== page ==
/ 12 July 2021

Zuma riots and looting hit the rand, jeopardise economic recovery

Safrica Politics Unrest
The inside of a looted shop in Jeppestown district, Johannesburg, on July 11, 2021. - Several shops are damaged and cars burnt in Jeppestown, Johannesburg, following a night of violence. Police are on the scene trying to control further protests. It is unclear if this is linked to sporadic protests following the incarceration of former president Jacob Zuma. (Photo by LUCA SOLA / AFP) (Photo by LUCA SOLA/AFP via Getty Images)

The rand tumbled against major currencies on Monday as riots over former president Jacob Zuma’s arrest sprung up in KwaZulu-Natal and Gauteng — disrupting public transport and forcing businesses to close their doors for fear of looting.

The local currency dropped by as much as 2% against the dollar, with the market rattled by the protests, which turned violent at the weekend, causing havoc in various parts of KwaZulu-Natal and Gauteng, the country’s economic hub. 

At least six people have died in the wake of the protests and hundreds have reportedly been arrested. Covid-19 vaccination sites in both provinces have had to be temporarily closed. 

Initially believed to have been started by Zuma supporters in his home province of KZN  who were angered by his incarceration for contempt of court, the protests have spread across the country and taken the form of indiscriminate vandalism and looting. Zuma began a 15-month sentence last week after he was found in contempt of a Constitutional Court order to testify before the Zondo commission investigating state capture.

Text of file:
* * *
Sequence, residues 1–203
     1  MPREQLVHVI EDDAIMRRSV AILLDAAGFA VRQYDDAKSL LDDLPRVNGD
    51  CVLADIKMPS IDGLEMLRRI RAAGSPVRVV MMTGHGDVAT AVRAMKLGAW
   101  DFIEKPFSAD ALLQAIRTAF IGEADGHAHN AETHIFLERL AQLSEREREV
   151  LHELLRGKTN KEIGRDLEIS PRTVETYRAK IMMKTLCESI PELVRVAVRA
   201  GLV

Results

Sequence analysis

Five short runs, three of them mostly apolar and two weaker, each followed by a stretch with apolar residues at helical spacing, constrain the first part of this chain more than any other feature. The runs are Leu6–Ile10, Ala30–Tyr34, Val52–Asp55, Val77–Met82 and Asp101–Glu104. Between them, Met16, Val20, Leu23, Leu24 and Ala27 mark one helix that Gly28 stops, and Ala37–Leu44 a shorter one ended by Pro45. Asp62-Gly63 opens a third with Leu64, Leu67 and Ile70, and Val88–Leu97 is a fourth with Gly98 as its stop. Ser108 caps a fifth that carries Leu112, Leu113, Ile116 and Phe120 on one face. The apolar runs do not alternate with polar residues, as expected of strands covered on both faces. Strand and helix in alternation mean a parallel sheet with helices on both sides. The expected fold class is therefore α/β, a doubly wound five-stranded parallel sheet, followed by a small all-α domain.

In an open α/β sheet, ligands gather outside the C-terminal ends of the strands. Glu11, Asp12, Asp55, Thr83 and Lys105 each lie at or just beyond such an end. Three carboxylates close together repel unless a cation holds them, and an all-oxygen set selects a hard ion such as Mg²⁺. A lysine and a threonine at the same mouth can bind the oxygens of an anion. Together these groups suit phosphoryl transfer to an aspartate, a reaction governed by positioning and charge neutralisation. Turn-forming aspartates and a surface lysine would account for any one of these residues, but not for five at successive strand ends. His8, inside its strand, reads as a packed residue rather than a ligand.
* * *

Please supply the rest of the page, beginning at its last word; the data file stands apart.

In a research note, Investec chief economist Annabel Bishop said while there had been some police response to the violence, “other areas have seen a dearth of consequences” and that if they continue unchecked, the protests would negatively impact South Africa’s overall economic activity, business and consumer confidence in the third quarter of the year.

“The risk is that the collapse of law and order spreads across the entire country, shutting off the economy and making it much more difficult to roll back from the initial violent outbursts,” Bishop said.

“These losses faced by the private sector, the volatile situation, if not rapidly brought under control, will impact investor sentiment soon and destroy the hard-won gains in the Ramaphosa presidency if it approaches civil war.”

Stanlib chief economist Kevin Lings concurred that if the situation was not adequately managed, the consequences for South Africa’s economy — already hit by the Covid-19 pandemic, could be “massive”.

The economy was already buckling under other pressures such as load-shedding and, most recently, the extension of lockdown measures in response to the spread of the doubly infectious Covid-19 Delta variant, Lings noted, adding: “Now we are in level four for at least four weeks. And even if you start to ease off, it’s still going to take a number of weeks before confidence has returned. So that on its own is undermining third-quarter performance.”

Lings said the looting would put economic activity on hold, with people adopting a wait-and-see attitude. 

“Businesses are going to be unsure about reopening … They are obviously going to be reluctant to restock shops, because they don’t know whether the looting will return. You’ve got destroyed infrastructure in the shopping centres, so that in itself is going to take time to repair. And obviously, businesses will not be willing to now increase employment or become expansionary in any way,” he said.

Any gains made in the first quarters of the year, such as the restructuring of state-owned entities and the Covid-19 vaccination roll-out, could be undone, the economist added.

“That has now shifted dramatically. Now we are talking about downgrades to South Africa’s economy, more job losses, another wait-and-see situation in terms of any further investment and employment. And clearly the situation could get further out of hand, if it is not managed correctly,” he said.